It’s all around us, a highly structured system depicting our everyday life. It’s what we are all a part of and isn’t something one can simply escape. It is society. The norms of society influence our religious beliefs, hair, and clothing choices and even our way of thinking. Society is what determines what is right or wrong. People tend to follow the rules of society in order to fit in. Often one doesn’t realize they are even doing it, as participating in the ways and expectations of society is a daily occurrence. After reading A Doll’s House and The Giver, it was brought to my attention that society is often controlling and corrupt. Most individuals are oblivious to the fact because they don’t know any other way. Corruption is noticed by those who are more knowledgeable and perceptive. These people are the outliers of society. They tend to see beyond what meets the eye. As individuals come to better understand and learn about the corruption within society, their perspective on the world changes, leading them to challenge societal norms; this is evident in Ibsen’s A Doll’s House and The Giver by Lois Lowry.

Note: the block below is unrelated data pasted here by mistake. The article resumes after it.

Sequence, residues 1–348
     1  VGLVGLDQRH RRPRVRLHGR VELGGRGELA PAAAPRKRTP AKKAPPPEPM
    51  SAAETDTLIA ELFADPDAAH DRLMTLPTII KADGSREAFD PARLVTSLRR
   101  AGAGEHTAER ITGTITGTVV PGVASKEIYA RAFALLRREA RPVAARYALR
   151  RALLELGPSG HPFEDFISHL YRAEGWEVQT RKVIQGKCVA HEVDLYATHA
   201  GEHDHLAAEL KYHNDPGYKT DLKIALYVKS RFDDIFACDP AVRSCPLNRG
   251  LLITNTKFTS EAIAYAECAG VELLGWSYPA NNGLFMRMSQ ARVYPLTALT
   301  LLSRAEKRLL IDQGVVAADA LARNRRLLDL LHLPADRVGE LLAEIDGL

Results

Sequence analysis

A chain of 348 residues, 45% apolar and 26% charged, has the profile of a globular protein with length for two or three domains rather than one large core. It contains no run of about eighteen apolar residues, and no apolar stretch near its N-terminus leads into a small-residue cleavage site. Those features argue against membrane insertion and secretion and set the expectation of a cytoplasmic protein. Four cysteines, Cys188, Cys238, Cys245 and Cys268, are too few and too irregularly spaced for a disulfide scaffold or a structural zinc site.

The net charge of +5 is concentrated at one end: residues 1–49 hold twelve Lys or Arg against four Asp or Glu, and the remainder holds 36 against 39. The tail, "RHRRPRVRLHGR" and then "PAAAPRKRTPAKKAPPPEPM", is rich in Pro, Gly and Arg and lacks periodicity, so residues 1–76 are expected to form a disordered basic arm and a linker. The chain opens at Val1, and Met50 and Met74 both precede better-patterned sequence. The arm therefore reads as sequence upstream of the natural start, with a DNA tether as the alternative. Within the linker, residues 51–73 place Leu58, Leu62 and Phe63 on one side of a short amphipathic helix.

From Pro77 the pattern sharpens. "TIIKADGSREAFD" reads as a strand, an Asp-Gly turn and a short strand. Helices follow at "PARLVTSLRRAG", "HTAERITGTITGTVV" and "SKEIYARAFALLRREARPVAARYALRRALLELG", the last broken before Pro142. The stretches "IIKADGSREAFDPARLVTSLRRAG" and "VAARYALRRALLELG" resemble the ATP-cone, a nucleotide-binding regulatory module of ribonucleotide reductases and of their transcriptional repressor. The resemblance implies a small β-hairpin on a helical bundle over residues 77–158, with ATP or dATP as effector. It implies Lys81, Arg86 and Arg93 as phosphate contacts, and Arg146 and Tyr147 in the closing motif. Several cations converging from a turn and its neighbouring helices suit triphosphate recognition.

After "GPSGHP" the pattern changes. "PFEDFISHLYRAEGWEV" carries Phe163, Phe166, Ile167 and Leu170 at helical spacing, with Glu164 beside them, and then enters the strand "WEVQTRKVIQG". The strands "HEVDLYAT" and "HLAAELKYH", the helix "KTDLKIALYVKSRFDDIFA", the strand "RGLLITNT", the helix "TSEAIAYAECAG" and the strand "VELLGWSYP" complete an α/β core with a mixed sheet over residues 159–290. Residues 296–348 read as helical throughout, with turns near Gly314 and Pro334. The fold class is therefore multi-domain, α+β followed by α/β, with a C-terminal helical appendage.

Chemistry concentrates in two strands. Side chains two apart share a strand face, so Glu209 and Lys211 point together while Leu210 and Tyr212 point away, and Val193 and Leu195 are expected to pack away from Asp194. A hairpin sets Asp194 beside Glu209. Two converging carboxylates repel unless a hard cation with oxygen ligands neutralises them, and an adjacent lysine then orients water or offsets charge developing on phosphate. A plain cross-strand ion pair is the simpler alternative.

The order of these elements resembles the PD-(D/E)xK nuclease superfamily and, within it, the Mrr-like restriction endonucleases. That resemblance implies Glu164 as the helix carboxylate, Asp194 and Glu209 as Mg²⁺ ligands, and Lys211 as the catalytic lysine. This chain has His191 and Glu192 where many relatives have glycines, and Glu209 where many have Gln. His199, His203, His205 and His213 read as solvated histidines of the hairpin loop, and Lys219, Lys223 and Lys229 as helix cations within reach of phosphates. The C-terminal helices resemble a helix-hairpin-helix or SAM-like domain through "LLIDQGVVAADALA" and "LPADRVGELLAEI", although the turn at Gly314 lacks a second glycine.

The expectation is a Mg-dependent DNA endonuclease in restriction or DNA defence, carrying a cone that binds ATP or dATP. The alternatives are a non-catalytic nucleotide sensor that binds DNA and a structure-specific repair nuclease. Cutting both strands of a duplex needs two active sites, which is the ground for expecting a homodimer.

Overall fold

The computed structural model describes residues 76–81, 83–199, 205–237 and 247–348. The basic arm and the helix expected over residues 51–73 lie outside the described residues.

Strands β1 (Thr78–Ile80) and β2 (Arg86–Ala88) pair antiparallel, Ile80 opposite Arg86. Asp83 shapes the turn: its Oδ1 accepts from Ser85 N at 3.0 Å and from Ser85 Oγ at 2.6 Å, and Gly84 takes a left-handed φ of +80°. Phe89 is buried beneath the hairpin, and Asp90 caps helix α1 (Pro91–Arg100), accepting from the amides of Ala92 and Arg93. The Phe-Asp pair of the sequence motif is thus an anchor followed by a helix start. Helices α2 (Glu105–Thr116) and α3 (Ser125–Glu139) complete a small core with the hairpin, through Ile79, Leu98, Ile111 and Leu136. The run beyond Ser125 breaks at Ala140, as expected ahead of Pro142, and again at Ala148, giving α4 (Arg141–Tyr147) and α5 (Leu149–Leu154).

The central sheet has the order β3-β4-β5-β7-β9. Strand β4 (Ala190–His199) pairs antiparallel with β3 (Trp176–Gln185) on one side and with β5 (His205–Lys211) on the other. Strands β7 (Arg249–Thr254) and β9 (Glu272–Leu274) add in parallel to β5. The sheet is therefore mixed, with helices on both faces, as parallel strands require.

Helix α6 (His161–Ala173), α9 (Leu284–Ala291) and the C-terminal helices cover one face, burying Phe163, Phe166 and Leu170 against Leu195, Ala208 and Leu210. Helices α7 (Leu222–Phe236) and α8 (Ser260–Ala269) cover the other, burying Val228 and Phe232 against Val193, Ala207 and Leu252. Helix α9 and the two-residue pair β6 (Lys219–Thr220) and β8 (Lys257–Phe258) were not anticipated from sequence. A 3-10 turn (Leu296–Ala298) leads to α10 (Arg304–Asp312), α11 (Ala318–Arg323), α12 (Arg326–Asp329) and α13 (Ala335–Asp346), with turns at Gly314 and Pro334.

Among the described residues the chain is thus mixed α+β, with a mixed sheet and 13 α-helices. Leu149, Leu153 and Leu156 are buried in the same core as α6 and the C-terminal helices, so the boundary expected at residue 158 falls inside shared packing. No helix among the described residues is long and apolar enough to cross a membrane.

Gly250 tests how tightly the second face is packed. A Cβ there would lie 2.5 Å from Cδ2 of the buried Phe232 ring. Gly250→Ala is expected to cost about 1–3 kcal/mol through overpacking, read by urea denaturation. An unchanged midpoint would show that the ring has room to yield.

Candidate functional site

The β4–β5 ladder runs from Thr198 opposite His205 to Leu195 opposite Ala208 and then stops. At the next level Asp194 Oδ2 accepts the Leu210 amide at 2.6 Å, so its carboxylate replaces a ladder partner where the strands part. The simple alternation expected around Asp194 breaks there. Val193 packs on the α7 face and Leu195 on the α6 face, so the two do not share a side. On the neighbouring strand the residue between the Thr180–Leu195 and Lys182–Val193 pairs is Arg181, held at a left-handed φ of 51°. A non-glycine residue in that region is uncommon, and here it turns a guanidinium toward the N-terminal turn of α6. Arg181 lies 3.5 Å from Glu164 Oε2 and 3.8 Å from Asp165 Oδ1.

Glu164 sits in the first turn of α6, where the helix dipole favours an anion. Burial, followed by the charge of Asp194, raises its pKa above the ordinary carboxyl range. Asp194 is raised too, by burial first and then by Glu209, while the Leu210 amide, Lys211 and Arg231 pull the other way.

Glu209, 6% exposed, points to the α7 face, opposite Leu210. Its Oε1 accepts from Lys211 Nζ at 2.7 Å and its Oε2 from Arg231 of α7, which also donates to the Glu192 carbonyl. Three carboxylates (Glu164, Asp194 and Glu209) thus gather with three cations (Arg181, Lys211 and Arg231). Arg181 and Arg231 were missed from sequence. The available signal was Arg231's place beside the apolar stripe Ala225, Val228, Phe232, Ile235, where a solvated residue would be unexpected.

Nora, the main character, is a wife and mother who is seemingly dependent on her husband and acts in a childish manner. However, throughout the play, it becomes evident that Nora is very much so a round character. At the beginning, Nora is a doll of society. In other words, Nora let’s the expectations of society control how she acts and thinks. She cooks, she cleans, and most of all, she puts her husband Torvalds needs before herself. However, dealing with her husbands needs gets her in quite a bit of trouble with the law. Her first encounter, is when Krogstad, the man who gave her the loan, tells Nora how it …
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